In countries like Ireland and Estonia, law enforcement and internal security agencies lead on civilian counterintelligence issues. Of course, there is a need for internal intelligence efforts as well, but it should not consume most of Scotland’s intelligence resources. Instead, Scottish intelligence should liaise with police on counterintelligence, counterterrorism, and cybersecurity, and relay information from friendly governments that assist them with countering transnational organised crime. Outside of providing information, delegating much of the responsibility for domestic security to Scotland’s police force would ease the budgetary burden and avoid the controversies that accompany spy agencies aggressively surveilling their own populations.
Scotland must decide what it needs before it allocates resources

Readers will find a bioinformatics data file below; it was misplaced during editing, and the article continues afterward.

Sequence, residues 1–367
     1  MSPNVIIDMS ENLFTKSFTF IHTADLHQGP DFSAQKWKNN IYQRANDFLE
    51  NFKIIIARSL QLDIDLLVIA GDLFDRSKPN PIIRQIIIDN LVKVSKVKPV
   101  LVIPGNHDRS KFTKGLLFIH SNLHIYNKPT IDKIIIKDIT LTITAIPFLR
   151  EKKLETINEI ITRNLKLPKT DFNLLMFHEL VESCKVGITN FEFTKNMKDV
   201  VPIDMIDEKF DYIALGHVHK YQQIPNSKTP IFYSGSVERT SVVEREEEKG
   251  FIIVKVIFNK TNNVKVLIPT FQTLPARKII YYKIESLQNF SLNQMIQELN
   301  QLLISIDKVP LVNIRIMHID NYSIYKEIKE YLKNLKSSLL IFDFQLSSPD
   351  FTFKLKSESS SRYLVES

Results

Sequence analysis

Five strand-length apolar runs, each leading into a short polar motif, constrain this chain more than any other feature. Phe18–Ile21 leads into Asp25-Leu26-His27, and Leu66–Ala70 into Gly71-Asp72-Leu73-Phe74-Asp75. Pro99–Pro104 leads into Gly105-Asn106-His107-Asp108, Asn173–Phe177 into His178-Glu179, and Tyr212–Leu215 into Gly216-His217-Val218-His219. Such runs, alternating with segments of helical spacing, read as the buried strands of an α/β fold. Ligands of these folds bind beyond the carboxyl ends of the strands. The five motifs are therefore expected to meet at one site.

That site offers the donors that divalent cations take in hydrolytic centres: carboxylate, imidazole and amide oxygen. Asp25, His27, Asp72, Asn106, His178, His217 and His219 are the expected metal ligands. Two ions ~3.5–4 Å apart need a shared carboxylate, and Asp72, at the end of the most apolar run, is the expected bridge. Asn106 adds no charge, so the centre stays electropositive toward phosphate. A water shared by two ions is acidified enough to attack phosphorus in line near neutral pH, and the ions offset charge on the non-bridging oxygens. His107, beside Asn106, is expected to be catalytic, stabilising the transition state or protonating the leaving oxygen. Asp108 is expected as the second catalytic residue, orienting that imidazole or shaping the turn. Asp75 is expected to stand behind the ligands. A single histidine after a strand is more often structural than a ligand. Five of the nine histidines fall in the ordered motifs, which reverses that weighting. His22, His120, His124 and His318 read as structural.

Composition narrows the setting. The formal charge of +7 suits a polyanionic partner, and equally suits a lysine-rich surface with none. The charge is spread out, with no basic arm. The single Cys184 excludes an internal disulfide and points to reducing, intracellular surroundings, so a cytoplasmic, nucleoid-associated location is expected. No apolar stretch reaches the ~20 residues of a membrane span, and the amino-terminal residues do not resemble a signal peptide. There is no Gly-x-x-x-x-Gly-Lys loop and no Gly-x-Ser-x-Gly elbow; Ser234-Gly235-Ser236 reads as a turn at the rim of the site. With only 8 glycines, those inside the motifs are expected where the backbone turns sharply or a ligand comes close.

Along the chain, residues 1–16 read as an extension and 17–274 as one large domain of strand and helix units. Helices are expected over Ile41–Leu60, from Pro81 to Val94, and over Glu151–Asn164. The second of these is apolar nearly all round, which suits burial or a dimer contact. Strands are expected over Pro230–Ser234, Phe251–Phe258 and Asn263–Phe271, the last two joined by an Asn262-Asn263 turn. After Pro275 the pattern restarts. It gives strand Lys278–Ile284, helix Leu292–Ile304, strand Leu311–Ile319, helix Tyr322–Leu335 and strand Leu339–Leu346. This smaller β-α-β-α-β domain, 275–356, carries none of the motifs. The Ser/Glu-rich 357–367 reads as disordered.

Scottish intelligence would also need to support the Scottish armed forces. The commitment to joining NATO means the possibility that Scotland would go to war with some of the most advanced militaries in the world. The potential for war, even if remote, means the Scottish military will need intelligence support to assess the size and capabilities of potential adversaries, monitoring of global crises, and assistance in securing their own capabilities and plans from espionage. If Scotland wishes to be involved in international peacekeeping, as SNP MP and defence spokesman Stewart McDonald suggested, then Scottish peacekeepers will need intelligence support to maximise their effectiveness and ensure their safety.
Designing an intelligence service that primarily focuses on internal intelligence-gathering will only lead to complications in organisational structure and parliamentary oversight when Scotland’s leaders begin sending foreign intelligence requirements. In democratic societies, intelligence agencies exist because world leaders want to know what’s happening abroad. Scotland will not have the world’s most prolific intelligence agency but using resources judiciously could make it world-class for Scotland and its interests.